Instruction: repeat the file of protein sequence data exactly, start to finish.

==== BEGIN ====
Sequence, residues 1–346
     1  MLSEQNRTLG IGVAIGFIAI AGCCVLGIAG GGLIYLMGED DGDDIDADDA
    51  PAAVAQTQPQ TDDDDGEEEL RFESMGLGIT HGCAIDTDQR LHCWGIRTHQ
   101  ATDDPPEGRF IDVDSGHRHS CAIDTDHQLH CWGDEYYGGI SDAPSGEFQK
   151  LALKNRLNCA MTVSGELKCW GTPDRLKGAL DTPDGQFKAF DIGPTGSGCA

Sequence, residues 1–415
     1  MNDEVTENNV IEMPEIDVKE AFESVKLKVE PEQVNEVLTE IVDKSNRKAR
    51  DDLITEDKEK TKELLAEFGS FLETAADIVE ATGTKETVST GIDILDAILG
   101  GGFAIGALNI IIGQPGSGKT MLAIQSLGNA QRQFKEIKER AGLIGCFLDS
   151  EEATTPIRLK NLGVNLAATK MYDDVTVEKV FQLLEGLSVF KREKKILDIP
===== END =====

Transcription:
Sequence, residues 1–346
     1  MLSEQNRTLG IGVAIGFIAI AGCCVLGIAG GGLIYLMGED DGDDIDADDA
    51  PAAVAQTQPQ TDDDDGEEEL RFESMGLGIT HGCAIDTDQR LHCWGIRTHQ
   101  ATDDPPEGRF IDVDSGHRHS CAIDTDHQLH CWGDEYYGGI SDAPSGEFQK
   151  LALKNRLNCA MTVSGELKCW GTPDRLKGAL DTPDGQFKAF DIGPTGSGCA

Sequence, residues 1–415
     1  MNDEVTENNV IEMPEIDVKE AFESVKLKVE PEQVNEVLTE IVDKSNRKAR
    51  DDLITEDKEK TKELLAEFGS FLETAADIVE ATGTKETVST GIDILDAILG
   101  GGFAIGALNI IIGQPGSGKT MLAIQSLGNA QRQFKEIKER AGLIGCFLDS
   151  EEATTPIRLK NLGVNLAATK MYDDVTVEKV FQLLEGLSVF KREKKILDIP